By Jeremy VanEgmond
Pike Road Elementary School
In mid-2020, I took some time to make the case with adults in schools and homes for our need to #OverEstimateKids. I shared my thinking on The ABPC Professional Learning Blog and talked about the ideas during an episode of Concise Conversations with Cathy & Jackie.
Since then, I’ve been challenged to flesh out what it means to overestimate kids in various ecosystems so that we can genuinely discuss the actual methods of making this a reality with kids everywhere. Here’s what I’ve learned.
Critical ingredients for success
In the Japanese culture, there is a task children complete when they are 3-5 years old called “My First Errand” (Hajimete no Otsukai). In short, parents send their child on an errand that likely involves any combination of crossing streets, riding trains, and operating elevators.
There’s a TV show that documents some of these journeys with hidden cameras and it’s astonishing to see how the children work through fear, exercise patience and resilience, and arrive home nonchalantly with the sushi purchased from the market several blocks away. Did I mention they are five?
In the last 18 months I’ve tried to intentionally record what preceded any moments like these in American culture – instances where I saw kids accomplish things beyond what I thought was possible.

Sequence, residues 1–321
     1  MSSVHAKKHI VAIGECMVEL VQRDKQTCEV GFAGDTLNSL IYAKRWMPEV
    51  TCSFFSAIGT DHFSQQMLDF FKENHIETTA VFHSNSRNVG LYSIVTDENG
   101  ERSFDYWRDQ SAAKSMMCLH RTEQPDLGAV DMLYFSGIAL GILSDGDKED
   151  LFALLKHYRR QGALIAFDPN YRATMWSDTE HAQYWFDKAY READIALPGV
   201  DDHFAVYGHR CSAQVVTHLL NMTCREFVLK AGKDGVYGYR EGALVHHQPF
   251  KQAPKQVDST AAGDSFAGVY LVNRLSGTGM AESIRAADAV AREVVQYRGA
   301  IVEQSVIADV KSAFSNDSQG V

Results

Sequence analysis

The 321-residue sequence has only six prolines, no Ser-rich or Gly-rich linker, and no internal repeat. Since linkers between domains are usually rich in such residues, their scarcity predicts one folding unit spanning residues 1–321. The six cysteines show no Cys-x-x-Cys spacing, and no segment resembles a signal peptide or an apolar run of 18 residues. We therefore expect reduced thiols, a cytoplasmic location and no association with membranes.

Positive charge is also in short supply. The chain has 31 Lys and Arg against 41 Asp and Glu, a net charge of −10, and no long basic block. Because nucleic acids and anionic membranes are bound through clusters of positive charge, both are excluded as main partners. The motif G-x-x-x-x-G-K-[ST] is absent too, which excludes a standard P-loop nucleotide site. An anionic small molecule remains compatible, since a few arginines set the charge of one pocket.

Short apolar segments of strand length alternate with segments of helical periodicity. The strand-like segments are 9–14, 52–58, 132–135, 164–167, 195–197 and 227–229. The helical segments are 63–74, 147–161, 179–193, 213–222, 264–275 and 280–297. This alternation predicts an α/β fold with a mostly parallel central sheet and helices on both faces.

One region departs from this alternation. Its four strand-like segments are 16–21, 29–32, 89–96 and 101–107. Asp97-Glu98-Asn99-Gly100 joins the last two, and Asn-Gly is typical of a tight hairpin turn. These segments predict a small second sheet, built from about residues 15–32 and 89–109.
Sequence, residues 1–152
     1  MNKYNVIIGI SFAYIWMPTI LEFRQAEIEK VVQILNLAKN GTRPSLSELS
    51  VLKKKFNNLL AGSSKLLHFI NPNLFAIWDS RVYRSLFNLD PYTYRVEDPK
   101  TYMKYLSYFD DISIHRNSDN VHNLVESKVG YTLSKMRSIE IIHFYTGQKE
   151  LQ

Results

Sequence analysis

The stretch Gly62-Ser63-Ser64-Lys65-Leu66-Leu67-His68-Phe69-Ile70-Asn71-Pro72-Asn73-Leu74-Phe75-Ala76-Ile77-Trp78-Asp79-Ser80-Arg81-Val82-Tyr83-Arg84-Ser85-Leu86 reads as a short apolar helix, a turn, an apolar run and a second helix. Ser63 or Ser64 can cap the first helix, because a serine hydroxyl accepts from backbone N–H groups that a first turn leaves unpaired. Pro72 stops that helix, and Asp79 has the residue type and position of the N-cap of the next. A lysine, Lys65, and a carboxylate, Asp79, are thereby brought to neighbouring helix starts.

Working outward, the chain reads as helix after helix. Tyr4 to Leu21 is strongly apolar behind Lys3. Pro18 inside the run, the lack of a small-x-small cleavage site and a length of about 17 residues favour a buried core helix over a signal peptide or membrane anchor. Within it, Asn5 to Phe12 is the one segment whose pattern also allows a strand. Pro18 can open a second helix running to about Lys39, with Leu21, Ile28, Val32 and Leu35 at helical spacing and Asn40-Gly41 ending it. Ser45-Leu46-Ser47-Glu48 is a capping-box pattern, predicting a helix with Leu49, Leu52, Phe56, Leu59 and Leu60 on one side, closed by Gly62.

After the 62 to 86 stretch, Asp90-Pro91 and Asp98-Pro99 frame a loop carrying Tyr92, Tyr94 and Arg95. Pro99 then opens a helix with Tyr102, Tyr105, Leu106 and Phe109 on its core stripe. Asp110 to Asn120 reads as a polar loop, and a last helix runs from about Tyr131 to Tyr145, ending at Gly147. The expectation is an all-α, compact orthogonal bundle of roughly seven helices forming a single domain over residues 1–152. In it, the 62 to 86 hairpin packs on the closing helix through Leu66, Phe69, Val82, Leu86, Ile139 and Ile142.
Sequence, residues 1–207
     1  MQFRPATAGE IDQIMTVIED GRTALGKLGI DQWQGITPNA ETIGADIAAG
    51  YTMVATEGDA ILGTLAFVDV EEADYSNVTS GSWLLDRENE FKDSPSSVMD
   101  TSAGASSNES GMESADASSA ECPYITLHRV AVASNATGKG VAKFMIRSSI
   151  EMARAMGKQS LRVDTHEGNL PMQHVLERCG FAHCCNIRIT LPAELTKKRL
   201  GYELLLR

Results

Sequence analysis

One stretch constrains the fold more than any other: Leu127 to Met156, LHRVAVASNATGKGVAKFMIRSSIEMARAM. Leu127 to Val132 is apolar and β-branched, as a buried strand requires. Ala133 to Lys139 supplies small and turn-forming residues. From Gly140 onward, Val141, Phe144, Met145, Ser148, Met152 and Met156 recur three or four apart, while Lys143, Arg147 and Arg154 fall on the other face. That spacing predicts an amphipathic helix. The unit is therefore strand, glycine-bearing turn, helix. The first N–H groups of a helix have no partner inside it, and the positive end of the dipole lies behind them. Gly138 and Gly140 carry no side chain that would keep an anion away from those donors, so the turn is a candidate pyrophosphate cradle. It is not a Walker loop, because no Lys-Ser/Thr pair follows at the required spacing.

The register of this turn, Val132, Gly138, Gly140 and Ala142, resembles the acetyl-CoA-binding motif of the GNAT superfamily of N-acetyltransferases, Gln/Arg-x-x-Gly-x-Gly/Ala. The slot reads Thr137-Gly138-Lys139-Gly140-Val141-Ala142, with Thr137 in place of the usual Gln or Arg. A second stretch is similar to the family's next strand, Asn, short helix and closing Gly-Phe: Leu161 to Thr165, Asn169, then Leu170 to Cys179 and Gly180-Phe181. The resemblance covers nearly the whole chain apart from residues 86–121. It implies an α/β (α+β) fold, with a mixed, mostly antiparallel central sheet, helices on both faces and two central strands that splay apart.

Here are the ingredients in those environments that allowed kids to flourish and that I believe we need to emulate:
Watch how these ingredients are explicitly illustrated in the five-minute video Nathanael’s “First Errand” – it’s a beautiful picture of how everybody is involved in helping a five-year old boy in Singapore accomplish something extraordinary.
Get a view from their perspective
This year my daughter saved up for a Polaroid camera. Although she admired the instant gratification this device provides, I saw something deeper emerge that I couldn’t put my finger on until I saw it happen in other places.
At my school, for example, kids were documenting the journey of Mabel all across our community using pictures and videos. Then they exchanged these artifacts with other kids their age from schools around the globe who were doing the same thing, giving them multiple opportunities to appreciate what makes humans similar and equally beautiful but also more aware of the brokenness humans might experience in different cultures.
This was not about filling a camera roll or making social media posts – it was their excitement to share things from their perspective that was so empowering. Even kids who didn’t have cameras were making their own worlds in Minecraft, animating objects with Chatterpix, or creating art using code to represent how they feel or tell a story.
My #APHUG learners completed a project for Cultural Patterns & Processes where they analyzed films & books for examples of culture, researched a culture of their choice, and created their own books or Minecraft worlds to represent the culture. #PikeRoadWay pic.twitter.com/zWPUHrdLcX
— Kathleen Griswell (@MrsGEdu) November 5, 2020